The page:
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The Microsoft IP tussle over Android



Lisa Morgan
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March 29, 2012 —  (Page 2 of 6)

Cashing in
In 2003, Microsoft initiated an IP licensing program that now includes about 1,100 licensees. Today, 1% of those agreements are specific to Android and Chrome OS devices.

“Clearly, [Microsoft is] focusing more on making money from its patent portfolio,” said Jon Hyland, shareholder at Munsch Hardt Kopf & Harr, a large, Texas-based law firm with several practice areas, including intellectual property. “They’ve spent tens of billions of dollars on R&D in the last few years, and I really think they’re trying to turn that into a revenue stream now.”

Chris Rourk, a partner at Jackson Walker, one of the oldest and largest Texas-based law firms whose vast practice areas include intellectual property, agreed, adding that Microsoft is taking advantage of patent laws to the extent any corporation creating intellectual property would be advised to do.

“IBM was maybe one of the first to use its large patent portfolio as a licensing revenue generator. Certainly, people were critical of those initial uses,” he said. “[People] called them ‘aggressive’ and ‘anti-competitive.’ Whether or not they are is really fact-specific.”

A September 2011 Goldman Sachs report estimated that Microsoft’s per-device royalty fees from Android device manufacturers who have licensed Microsoft IP are somewhere between US$3 to $6, and that the IP licensing fees for fiscal year 2012 would total $444 million dollars. (Other per-device estimates are higher, ranging from $5 to $15 per device.) At the time of the report, Microsoft had licensing deals with companies representing 50% of the U.S. smartphone market. That was before the LG deal.

After the LG deal, Microsoft touted (and taunted Google with the fact) that 70% of smartphones sold in the U.S. are now covered under Microsoft’s patent portfolio. That squares with comScore’s December 2011 report stating that LG’s U.S. market share was 20%.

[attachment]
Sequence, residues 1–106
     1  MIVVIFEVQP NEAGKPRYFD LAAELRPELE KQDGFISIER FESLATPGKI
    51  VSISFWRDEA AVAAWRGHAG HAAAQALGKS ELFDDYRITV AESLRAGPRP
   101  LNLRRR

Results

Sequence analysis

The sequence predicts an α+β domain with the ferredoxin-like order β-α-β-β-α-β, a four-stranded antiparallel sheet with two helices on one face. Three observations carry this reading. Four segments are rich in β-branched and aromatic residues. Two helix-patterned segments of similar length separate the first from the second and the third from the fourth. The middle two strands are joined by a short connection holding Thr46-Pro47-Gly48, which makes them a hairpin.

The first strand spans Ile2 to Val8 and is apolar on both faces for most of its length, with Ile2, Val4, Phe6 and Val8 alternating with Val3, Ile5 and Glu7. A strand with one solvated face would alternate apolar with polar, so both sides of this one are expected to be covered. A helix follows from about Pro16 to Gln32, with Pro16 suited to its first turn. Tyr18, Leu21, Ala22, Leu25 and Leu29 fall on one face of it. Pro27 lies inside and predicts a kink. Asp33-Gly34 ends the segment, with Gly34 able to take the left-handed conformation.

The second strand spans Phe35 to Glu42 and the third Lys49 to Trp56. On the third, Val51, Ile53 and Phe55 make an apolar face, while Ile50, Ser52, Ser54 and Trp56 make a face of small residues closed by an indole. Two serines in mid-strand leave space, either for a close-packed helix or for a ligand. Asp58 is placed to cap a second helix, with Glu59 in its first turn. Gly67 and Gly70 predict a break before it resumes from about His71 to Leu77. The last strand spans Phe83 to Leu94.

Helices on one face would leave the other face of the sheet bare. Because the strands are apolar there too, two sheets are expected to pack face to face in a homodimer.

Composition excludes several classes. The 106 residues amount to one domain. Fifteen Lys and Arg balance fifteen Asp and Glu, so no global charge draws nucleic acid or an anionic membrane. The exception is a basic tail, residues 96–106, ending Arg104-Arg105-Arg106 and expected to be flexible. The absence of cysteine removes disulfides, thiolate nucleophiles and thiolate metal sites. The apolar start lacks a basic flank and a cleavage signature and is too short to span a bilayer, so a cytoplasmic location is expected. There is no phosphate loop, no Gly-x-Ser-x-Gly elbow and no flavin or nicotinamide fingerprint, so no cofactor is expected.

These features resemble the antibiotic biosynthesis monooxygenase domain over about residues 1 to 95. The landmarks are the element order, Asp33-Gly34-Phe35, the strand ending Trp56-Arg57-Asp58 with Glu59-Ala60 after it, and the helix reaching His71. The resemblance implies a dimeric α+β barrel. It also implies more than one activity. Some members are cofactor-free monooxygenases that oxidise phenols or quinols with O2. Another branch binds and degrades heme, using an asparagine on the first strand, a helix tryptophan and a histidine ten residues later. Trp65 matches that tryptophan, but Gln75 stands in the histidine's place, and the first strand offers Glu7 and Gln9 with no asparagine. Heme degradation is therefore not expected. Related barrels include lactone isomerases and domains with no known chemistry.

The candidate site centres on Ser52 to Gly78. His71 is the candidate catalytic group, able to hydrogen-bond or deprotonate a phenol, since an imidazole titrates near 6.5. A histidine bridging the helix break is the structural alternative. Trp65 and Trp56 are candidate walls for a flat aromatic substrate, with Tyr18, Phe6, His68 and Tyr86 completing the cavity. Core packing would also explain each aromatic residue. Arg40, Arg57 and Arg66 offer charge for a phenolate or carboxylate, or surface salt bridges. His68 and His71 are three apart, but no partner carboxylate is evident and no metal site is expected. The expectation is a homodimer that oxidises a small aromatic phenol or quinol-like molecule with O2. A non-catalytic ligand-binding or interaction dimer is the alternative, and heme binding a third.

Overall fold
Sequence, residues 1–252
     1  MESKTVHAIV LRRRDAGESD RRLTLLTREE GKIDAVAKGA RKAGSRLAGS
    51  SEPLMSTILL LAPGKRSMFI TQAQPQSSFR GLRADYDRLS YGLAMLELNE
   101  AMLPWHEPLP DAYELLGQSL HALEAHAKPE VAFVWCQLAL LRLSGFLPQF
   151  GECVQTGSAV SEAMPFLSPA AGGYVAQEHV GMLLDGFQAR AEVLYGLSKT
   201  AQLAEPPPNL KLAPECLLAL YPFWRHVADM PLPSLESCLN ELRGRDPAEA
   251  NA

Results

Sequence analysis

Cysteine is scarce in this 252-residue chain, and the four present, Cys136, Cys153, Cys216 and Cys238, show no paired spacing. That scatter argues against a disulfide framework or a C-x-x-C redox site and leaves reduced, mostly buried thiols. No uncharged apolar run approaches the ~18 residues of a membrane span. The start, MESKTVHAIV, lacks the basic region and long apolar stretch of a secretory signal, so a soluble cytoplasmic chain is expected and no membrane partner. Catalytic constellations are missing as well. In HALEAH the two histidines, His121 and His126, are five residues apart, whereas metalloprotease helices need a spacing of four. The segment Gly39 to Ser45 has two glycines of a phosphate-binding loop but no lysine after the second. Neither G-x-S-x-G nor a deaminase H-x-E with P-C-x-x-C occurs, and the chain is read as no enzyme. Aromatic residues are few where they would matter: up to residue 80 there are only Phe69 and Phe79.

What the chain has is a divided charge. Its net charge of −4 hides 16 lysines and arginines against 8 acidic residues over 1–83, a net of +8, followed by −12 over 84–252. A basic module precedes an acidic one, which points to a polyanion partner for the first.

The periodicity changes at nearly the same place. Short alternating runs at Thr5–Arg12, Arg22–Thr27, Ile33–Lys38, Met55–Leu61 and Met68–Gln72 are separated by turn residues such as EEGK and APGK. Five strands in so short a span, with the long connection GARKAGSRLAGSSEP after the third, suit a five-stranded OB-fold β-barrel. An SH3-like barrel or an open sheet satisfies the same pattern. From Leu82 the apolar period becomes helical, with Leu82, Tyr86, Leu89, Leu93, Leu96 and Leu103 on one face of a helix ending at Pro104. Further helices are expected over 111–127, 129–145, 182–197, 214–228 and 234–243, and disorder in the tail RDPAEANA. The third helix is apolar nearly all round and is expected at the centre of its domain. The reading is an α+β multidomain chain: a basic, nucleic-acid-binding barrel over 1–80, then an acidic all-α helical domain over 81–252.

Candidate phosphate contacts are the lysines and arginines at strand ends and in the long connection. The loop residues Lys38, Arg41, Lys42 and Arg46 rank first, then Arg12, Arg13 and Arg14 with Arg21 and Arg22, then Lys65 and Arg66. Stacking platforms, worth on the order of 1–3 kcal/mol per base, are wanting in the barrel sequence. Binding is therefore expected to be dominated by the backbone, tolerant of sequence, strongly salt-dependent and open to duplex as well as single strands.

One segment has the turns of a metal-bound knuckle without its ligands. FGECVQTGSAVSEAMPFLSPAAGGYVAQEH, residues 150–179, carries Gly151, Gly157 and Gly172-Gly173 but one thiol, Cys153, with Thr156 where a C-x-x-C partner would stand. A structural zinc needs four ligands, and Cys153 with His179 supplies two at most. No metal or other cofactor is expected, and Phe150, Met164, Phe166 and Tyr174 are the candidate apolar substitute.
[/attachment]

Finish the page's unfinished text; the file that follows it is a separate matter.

Using Goldman Sachs’ September 2011 estimate as a baseline, the addition of LG to the Windows Phone licensee roster raises fiscal year 2012 licensing fees to $621.6 million just for the Android-related agreements.

“[Microsoft’s] IP budget for 2011 was $9.6 billion, which is incredible,” said Munsch Hardt’s Hyland. “Like I said earlier, it really wouldn’t surprise me to see them make patent licensing a bigger part of their business, because they’re in a position where the Windows platform for smartphones is less than [5%] of the market share.”

According to the December 2011 comScore report, Windows Phone market share slipped from 5.6% to 4.7% between September 2011 and December 2011. During the same period, Android’s jumped from 44.8% to 47.3%.

Sign on the dotted line
Microsoft’s overly aggressive reputation is not aided by the fact that it requires Android device manufacturers to sign non-disclosure agreements (NDAs) before they can learn which patents Android, Chrome OS or its product infringe. Whether that’s standard or not depends on which patent attorney you ask.

While NDAs are common before the details of patents, products sales, and distribution discussions ensue, Hyland said he has yet to encounter a situation in which an NDA precedes any type of notice of infringement.